"FUTTOCKS (Foot Hooks):
The separate pieces of timber which compose the frame. There are four futtocks (component parts of the rib), and occasionally five, to a ship. The timbers that constitute her breadth--the middle division of a ship's timbers, or those parts which are situated between the floor and top timbers--separate timbers which compose the frame. Those next the keel are called ground-futtocks or navel-timbers, and the rest upper futtocks."

If that's confusing, try and

message 11: by Debbie (last edited Aug 25, 2016 12:51PM) (new)

Debbie Moorhouse Heh. That is a substantial change.

message 12: by Monissa, Deck Hand (last edited Aug 25, 2016 12:51PM) (new)

Monissa | 87 comments Mod
Not sure if it's a change, so much as a word being used for different things, and one now being used less. That is when it gets confusing, especially when reference books don't cover multiple meaning. Like be belay, which can be stop or attach lines to a (belay) pin.

Speaking of lines, there's a word where the meaning has changed.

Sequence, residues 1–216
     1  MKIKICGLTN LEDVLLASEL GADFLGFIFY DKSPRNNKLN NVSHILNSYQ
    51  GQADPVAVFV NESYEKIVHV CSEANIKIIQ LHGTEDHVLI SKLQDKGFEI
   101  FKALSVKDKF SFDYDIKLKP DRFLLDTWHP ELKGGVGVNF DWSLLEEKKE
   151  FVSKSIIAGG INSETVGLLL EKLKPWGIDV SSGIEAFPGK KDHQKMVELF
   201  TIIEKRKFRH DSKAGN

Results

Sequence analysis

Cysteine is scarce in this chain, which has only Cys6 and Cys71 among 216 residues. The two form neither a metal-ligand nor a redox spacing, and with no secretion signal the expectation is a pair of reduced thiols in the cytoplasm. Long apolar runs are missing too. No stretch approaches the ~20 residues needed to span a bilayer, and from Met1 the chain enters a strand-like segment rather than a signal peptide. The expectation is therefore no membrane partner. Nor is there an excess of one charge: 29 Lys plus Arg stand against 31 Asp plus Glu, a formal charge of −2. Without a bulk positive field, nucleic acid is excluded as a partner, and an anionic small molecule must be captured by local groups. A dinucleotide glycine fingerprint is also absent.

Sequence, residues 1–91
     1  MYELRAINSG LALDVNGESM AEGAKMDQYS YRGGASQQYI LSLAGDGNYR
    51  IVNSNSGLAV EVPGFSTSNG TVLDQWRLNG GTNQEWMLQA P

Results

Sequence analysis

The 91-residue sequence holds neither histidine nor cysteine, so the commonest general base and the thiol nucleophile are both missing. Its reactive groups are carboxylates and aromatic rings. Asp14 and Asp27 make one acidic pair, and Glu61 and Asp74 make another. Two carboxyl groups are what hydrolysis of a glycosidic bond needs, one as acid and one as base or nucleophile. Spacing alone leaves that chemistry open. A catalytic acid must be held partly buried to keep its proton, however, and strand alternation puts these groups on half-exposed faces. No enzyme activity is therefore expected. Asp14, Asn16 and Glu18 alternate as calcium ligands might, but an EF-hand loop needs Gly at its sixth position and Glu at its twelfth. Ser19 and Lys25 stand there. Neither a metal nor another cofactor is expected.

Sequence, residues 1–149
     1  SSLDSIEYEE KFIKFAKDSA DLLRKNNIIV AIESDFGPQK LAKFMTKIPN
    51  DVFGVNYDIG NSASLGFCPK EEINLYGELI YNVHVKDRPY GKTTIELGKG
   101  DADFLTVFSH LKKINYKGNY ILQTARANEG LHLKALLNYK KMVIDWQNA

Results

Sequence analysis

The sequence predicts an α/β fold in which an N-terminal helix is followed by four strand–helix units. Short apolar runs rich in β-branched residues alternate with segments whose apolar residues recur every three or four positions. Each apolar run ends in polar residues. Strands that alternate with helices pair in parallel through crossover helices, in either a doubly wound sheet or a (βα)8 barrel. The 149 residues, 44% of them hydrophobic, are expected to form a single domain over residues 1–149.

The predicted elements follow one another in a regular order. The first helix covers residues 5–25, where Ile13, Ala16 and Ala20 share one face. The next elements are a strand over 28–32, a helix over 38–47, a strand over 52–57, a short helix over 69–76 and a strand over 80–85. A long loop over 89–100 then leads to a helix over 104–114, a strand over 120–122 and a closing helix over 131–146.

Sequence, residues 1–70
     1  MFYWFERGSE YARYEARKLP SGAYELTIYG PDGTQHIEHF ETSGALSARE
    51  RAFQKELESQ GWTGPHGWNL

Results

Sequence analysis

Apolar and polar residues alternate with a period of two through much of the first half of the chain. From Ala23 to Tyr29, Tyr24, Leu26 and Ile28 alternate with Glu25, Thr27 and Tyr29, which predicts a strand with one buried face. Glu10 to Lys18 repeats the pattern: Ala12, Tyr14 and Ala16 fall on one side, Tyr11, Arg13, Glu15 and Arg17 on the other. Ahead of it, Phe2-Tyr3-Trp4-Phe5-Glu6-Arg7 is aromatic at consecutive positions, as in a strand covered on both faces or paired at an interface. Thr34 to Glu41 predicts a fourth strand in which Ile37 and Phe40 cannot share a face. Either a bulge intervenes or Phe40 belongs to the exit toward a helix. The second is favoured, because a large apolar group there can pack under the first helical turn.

message 13: by Monissa, Deck Hand (last edited Aug 25, 2016 12:52PM) (new)

Monissa | 87 comments Mod
I don't know much at all. I did a bit of crash cource in tall ships & I do have some good reference books though :)

Right, lines.

Smyth has: "The general appellation of a number of small ropes in a ship, as buntlines, cluelines, bowlines etc" That is, it's used for particular ropes.

Whereas the modern usage is for *all* ropes to be called line e.g. see

The best explanation I've come across is at the bottom of

"I have often heard people say that a sailboat has lines, not ropes. Vessels DO have lines BUT "lines" refers to architectural drawings, not to rigging. Rope, on the other hand, is made by rope makers on a ropewalk and comes on spools or in coils and is called rope until it is given a specific task, at which point it gets a name. It may end up being a rope, such as a FOOTROPE or a BOLTROPE, or it may become a line, such as a BUNTLINE or LEACHLINE, but more likely it will be some other thing, such as a SHEET, CLUE, TACK, HALYARD etc. A sheet, for example, is not a sheet-line or sheet-rope but just "sheet" with a bunch of adjectives in front of it, as in starboard mizzen topgallant sheet."